Considering the present plans a final answer can be expected no later than the end of the year. It should be emphasised that earlier requests for partial payouts to creditors are still being considered. It should be reiterated that all exemptions mentioned in this letter need by law to be confirmed by the minister of finance in addition to the approval of the CBI.”

The new letter refers to the July letter, saying that an answer could not be provided before August 8 but would be forthcoming no later than by the end of the year. The CBI sticks to opinions expressed in the July letter.

Since the letter was sent the work on the issues mentioned in the (July) letter has progressed well. Yet, it has not been possible to deal with the matter before October 1 as had been requested in a letter of August 8 from the LBI. The CBI reckons however that it is highly likely that a answer to the LBI request can be provided in the next few weeks.”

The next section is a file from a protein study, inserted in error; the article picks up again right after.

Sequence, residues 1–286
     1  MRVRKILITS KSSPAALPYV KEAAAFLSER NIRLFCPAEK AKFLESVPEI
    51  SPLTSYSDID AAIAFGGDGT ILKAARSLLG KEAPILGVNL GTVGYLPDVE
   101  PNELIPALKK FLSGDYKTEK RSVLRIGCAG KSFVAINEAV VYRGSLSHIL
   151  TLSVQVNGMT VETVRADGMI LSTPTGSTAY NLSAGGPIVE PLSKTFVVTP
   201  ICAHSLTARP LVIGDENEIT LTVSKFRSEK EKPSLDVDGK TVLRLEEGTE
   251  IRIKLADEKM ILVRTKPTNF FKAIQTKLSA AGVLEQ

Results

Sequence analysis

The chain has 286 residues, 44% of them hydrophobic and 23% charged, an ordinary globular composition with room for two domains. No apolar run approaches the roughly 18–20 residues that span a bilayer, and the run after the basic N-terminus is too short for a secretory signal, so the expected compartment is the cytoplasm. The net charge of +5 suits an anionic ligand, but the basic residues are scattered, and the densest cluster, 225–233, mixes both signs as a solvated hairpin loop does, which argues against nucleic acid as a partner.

An agreement with two godmothers?

It is easy to gauge the atmosphere at the LBI and Landsbankinn. Knowing Iceland and its government they are hardly gobsmacked but they can hardly be pleased. They are now left to grapple with the dilemma if there is an agreement in the making or nothing at all.

As to why the two parties thought they had an agreement there are again, theoretically at least, only two possibilities: the Landsbankinn management thought it had the acceptance of the CBI and the Ministry of finance to make this agreement with the LBI (and then it can hardly avoid feeling betrayed) – or it did not have such an acceptance and then the question is why the management thought it would get the agreement accepted.

As far as I know civil servants from both the CBI and the Ministry of finance followed the negotiations. After all the state owns 97.9% of Landsbanki and negotiating without any attention to the wishes of the owner would hardly have been prudent.